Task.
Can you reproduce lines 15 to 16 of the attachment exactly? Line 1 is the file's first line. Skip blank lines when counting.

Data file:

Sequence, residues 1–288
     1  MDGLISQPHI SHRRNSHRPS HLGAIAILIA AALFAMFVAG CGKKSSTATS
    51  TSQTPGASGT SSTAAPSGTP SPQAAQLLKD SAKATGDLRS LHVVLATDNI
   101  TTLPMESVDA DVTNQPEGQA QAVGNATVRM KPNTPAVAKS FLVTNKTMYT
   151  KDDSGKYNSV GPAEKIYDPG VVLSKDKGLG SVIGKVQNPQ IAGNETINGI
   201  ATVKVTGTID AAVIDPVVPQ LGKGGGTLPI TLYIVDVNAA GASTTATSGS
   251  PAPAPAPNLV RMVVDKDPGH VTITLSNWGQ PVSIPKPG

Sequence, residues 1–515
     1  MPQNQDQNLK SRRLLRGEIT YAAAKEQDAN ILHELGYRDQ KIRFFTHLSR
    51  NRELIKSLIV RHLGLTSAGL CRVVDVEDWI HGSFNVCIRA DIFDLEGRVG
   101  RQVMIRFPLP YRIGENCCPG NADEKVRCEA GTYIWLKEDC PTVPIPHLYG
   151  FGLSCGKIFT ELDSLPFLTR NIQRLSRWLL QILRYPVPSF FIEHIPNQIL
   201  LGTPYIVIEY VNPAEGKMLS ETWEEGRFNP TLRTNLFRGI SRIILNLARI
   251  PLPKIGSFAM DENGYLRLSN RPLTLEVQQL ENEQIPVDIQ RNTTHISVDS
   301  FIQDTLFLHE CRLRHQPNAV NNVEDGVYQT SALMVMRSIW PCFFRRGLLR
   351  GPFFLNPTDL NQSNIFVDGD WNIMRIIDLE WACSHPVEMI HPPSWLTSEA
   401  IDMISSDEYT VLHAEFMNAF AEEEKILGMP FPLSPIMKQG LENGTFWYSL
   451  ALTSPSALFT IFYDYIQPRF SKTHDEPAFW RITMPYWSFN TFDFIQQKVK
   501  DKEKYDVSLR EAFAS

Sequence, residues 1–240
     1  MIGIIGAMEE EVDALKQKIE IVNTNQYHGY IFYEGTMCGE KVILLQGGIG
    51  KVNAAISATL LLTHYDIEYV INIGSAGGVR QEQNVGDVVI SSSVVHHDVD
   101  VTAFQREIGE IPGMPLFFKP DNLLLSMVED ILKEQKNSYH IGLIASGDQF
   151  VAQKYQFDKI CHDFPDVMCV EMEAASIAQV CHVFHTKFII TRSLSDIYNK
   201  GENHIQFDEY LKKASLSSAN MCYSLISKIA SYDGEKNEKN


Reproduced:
   301  FIQDTLFLHE CRLRHQPNAV NNVEDGVYQT SALMVMRSIW PCFFRRGLLR
   351  GPFFLNPTDL NQSNIFVDGD WNIMRIIDLE WACSHPVEMI HPPSWLTSEA